2. Email, Screenshots, and Penultimate

Email is an effective communication tool which has spanned the test of time. In the world of technology this decades-old tool is a grandfather by comparative standards. On its own, email is a great tool, with many possibilities for collaboration.

However, to take the power of email communication to the next level, try pairing email with some newer technologies. To add that extra level, try using email in conjunction with screenshots and a visual editing tool such as Penultimate. Combined together, these features allow you to create a step-by-step tutorial on the fly. Not sure what Penultimate is? Check out this Penultimate tutorial.

Consider this strategy:

1. Take a screenshot of the program in question.

2. Enter the screenshot picture in Penultimate.

3. Edit the screenshot picture in Penultimate, using a variety of hand-drawn signs to highlight the directions for the function in question.

4. Save the edited picture as a screenshot.

5. Attach the new edited screenshot to an email and send to your colleague.

3. Texting with Pictures and Videos

Texting, like email, is an efficient method for communication which is used on a regular basis. But to take the power of collaboration with texting to the next level, consider using the visual possibilities inherent in the medium. To communicate technical directions with a colleague, the following strategies can be employed:

1. Take a screenshot, then text.

2. Take a picture of the function in question, then text.

3. Take a video while you work through the function, then text the video. This feature of texting can be an especially powerful strategy, effectively allowing you to create a video tutorial in a matter of seconds.

4. Google Voice

Google Voice is a feature which allows the Google user to create a custom phone number with all the feature of phone calls, texting, voicemail, and a contact list. On its own, Google Voice is a great feature which can help run all the daily classroom activities. I especially like using Google Voice from my cell phone to call parents. This allows me to be in tough with parents at any time, from anywhere, without giving away my own personal cell phone number.

However, Google Voice off a few additional features for collaboration which a regular phone does not offer. Specifically, Google Voice offers a speak to text feature on both voicemail and phone calls. This can be a great asset when communicating complex, technical directions. One colleague can call the other with directions, then the colleague receiving the directions can access a written transcript of the spoken directions.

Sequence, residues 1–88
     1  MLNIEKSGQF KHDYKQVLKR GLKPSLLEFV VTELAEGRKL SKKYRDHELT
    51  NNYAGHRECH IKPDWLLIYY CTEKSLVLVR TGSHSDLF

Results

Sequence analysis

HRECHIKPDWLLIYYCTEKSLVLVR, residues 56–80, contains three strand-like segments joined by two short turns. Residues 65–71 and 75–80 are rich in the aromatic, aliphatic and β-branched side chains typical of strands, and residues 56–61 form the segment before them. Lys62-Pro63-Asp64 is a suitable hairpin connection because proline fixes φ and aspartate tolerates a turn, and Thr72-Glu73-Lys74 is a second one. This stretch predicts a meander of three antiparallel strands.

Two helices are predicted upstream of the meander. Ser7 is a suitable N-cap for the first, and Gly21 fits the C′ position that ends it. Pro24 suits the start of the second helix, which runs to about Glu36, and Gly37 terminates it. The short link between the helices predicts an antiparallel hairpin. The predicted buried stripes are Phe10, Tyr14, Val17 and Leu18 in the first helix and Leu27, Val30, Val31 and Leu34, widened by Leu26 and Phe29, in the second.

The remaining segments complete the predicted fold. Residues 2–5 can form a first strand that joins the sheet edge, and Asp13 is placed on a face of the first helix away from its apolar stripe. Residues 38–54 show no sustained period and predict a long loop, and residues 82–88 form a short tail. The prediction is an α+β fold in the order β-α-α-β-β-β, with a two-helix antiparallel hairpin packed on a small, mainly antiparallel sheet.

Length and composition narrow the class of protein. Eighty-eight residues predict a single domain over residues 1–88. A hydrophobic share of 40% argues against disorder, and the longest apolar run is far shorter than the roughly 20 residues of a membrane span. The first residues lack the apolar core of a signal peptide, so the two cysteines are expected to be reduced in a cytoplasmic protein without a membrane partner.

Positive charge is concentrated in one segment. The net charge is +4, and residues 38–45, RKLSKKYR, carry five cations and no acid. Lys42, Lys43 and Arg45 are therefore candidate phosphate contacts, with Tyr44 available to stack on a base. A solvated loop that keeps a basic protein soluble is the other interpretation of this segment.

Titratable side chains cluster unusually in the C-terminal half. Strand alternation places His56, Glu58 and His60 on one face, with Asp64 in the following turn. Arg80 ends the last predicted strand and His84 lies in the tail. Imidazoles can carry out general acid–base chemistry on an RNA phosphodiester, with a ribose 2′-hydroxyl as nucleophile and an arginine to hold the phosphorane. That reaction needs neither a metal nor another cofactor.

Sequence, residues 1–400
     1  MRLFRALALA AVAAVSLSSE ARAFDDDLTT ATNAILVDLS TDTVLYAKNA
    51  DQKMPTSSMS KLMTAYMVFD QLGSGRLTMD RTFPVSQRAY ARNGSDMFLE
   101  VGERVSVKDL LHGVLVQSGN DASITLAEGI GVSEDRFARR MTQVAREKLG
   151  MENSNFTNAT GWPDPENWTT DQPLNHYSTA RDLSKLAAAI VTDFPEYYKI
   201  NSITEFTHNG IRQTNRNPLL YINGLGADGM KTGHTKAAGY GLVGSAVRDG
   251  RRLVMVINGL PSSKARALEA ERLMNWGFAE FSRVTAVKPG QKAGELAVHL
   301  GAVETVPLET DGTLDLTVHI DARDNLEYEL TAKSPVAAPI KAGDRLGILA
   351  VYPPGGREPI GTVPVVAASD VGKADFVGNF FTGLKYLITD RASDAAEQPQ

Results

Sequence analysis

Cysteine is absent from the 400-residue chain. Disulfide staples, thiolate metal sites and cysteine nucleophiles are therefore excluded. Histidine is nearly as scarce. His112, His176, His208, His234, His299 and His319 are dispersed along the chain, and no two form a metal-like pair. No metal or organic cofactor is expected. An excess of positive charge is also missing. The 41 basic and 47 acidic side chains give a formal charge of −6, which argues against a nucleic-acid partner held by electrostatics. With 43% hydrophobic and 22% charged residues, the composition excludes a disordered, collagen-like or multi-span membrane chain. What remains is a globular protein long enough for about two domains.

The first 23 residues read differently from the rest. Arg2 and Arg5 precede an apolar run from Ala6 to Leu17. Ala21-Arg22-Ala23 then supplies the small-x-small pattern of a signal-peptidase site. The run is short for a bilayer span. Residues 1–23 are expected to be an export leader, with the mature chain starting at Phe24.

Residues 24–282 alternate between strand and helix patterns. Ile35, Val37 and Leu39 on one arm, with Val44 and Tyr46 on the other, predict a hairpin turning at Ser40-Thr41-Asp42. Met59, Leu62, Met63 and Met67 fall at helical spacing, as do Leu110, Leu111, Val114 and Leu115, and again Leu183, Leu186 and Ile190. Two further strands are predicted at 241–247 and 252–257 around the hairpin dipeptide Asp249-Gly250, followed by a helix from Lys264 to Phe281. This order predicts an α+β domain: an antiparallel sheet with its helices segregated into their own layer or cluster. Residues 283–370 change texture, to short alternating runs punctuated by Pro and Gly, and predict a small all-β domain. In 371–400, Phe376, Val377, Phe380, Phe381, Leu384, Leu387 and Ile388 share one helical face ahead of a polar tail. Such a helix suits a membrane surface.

5. Remote Control and Remote Viewing

In a desperate situation a program offering remote control or remote viewing can solve any complex, technical problem when one colleague is lost and spoken or written directions just won’t suffice. There are a few different options for programs which offer remote control or remote viewing. My own personal favorite is LogMeIn, a program which is free and offers complete access to networked computers. By using LogMeIn, one colleague can access the computer of another colleague, then control the colleague’s computer as though sitting in front of the computer in person. The remote access can be used by another computer, tablet, or even a smart phone, meaning complete access to the problem can be done anywhere, at any time. Admittedly, setting up LegMeIn takes a little technical know-how to begin with, but the feature is easy enough that someone with only intermediate computer skills can figure it out. You do not have to be a network engineer to use LogMeIn, and the benefits for fixing otherwise unfixable problems are tremendous.

10 Things I’ve Learned from a 1:1 Classroom

This year I began a 1:1 curriculum at my school. We threw out the textbook, rolled up our sleeves, and decided to dive into the deep end of the pool by going all digital. Below are my top 10 lessons from the first month of school.

10. Multitasking is a myth (see “Multitasking Doesn’t Work“). It’s tempting to believe the idea, often a common misconception, that students are immune to the dangers of multitasking. According to this misconception students are able to focus on several different tasks at once because they are natives of the information revolution and, thus, able to focus on work, TV, texting, Facebook, Twitter, and Tumblr all at the same time. In reality, students are no exception to the limits of attention. We are hardwired to focus on only one thing at a time.